National Geographic Books editorial assistant Hunter Braithwaite offers up some beach alternatives for urban dwellers.
It’s funny, if not outright inspiring, to think of how something as dreary as an international energy crisis can result in a widespread sea change in how we think about leisure activities. For a variety of reasons, ranging from high gas prices to pure laziness, people are opting to stay in town for the summer. And in some cities, the coast is being imported. Enter the fake beach, which is popping up in different incarnations across the globe.
First, there was the Paris Plage. Initiated in 2002 under Paris Mayor Bertrand Delanoë, the plage (French for beach) has occurred every August, each time trying to outdo itself with true Parisian grandeur. Initially, it was just some sand (around 2,000 tons) dumped along the banks of the Seine, but then came the palm trees, the boardwalk, and the swimming pools (you don’t want to take a dip in the river itself). While the beach was initially met with criticism, it has since become a roaring success. Because it is in downtown Paris, the enveloping traffic noise will keep fantasies of the Riviera at bay, but there’s something to be said for tanning underneath Notre Dame. But keep your clothes on. Those going nude, topless, or in thongs will be slapped with a 38 euro fine. Where do you think you are, Europe?
Berlin has its own versions of the fake beach. The Berlin Strand is a group of tiki bars that define beach culture in terms of Germany’s twin passions–drinking and volleyball. A while ago, I passed the afternoon at the Bundespressestrand with my friend who’s spent the past couple years in the city. Literally translated as “National Press Beach,” the “beach” is made up of thoroughly unindigenous palm trees, volleyball courts, and a lot of sand. (In case you were wondering about the name, it was started by an unemployed journalist in 2003.) Admission is free, drinks are reasonably priced, and the volleyball courts cost 12 euro, unless you can grab one for free before 5pm. We had both grown up in Virginia Beach, so the idea of a beach ohne wasser seemed somewhat odd. To be fair, the beach was close to a rippling canal across from Kapelle-Ufer strasse, and even if there were water suitable for swimming, it’d be too cold anyway.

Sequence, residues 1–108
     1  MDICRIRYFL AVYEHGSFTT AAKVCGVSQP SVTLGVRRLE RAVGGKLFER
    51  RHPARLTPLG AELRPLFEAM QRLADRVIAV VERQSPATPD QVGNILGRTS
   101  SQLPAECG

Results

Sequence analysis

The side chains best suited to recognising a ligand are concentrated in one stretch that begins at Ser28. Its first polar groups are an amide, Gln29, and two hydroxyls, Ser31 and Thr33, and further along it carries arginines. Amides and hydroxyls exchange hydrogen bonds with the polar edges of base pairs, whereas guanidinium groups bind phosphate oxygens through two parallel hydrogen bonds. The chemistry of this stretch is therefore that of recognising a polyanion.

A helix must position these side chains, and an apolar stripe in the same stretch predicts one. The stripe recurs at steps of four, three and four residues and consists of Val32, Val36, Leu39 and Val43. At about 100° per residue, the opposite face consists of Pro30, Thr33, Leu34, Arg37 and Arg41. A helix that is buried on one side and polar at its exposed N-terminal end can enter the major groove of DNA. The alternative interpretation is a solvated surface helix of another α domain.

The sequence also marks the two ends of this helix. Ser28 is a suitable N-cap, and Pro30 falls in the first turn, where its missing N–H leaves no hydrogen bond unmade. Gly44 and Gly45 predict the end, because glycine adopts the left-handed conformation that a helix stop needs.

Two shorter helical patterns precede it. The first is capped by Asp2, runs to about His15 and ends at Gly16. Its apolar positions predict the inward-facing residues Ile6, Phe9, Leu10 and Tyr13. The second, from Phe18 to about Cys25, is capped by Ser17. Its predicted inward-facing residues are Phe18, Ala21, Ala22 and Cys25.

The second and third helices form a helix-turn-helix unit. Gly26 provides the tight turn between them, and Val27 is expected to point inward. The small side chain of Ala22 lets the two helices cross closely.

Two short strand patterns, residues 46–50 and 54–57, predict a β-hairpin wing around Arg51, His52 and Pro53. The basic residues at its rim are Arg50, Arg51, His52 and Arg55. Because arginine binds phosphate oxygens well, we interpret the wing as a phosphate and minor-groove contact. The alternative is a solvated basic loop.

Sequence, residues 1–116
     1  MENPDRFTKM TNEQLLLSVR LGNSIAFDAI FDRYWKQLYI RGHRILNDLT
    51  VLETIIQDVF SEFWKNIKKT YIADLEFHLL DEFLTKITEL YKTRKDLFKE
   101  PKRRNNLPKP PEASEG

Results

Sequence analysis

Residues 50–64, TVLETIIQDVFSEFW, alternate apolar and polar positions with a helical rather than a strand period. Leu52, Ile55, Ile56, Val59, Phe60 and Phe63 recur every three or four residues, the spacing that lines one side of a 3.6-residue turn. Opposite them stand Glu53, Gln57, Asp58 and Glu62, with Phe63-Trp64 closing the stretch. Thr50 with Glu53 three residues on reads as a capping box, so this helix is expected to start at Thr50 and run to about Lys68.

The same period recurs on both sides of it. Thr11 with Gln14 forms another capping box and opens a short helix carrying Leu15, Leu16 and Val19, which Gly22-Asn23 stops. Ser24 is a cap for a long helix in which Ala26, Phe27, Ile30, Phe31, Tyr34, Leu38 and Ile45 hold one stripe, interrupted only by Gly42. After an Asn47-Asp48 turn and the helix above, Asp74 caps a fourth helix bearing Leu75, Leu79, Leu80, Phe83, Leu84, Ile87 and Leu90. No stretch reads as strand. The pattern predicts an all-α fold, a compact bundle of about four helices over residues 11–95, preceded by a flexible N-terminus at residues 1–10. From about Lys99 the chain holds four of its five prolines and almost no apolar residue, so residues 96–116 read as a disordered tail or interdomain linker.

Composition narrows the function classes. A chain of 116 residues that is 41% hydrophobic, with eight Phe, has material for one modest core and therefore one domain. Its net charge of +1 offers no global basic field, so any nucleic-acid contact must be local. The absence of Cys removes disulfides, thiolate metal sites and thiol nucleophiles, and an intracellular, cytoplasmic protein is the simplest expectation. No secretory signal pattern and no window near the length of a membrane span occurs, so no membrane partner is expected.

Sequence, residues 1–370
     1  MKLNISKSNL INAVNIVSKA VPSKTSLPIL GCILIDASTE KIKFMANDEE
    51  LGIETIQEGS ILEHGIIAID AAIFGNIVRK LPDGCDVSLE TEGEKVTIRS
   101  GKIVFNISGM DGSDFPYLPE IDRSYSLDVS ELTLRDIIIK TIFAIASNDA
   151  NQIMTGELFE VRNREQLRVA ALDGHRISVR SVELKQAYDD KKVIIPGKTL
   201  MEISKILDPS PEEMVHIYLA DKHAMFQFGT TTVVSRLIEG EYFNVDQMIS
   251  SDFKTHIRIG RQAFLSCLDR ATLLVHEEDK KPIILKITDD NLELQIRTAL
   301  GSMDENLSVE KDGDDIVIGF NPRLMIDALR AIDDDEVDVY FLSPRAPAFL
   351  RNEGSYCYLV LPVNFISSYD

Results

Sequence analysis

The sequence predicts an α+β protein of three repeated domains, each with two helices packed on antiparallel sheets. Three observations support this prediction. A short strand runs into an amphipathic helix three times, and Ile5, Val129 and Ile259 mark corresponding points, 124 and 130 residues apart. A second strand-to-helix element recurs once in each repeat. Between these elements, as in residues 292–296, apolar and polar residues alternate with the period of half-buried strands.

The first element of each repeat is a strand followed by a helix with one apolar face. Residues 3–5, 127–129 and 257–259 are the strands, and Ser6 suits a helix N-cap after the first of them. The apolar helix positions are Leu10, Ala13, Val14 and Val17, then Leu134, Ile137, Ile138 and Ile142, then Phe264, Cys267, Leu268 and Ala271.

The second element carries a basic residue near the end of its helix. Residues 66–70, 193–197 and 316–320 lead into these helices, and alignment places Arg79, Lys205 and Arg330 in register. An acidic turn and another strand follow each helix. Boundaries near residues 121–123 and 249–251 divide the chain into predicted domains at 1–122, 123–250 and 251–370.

With the success in Paris and Berlin, other cities have now replicated the trend: New York, Budapest, Milan, Rome, Lyon, and even Mexico City now offer their citizens the opportunity to dip their toes in the sand. Mexico’s beach is particularly interesting, because it purposefully engages impoverished citizens, people who might never otherwise experience the beach.
There are many reasons that these faux beaches are successful. They are relatively cheap summertime hangouts. You can say goodbye to the traffic and the gas prices. You can chance upon your coworkers in their bathing suits. But more importantly, they represent a creative redefinition of urban space. These artifices beg the question: “What defines a beach?” Is it saltwater, sand, or a more complex relationship that we beachgoers have with the environment, one dealing with something akin to escape from the ordinary? After seeing these places, it seems to be the latter. The fake beaches, although I’m starting to realize that fake might be too strong a word, are proof that we are resourceful people, that life is fun, and that you don’t really need to drive anywhere. Well, at least not to the beach.
Photo: Above, Revelers gather for nighttime events at Germany's "National Press Beach," from Bundespressestrand website.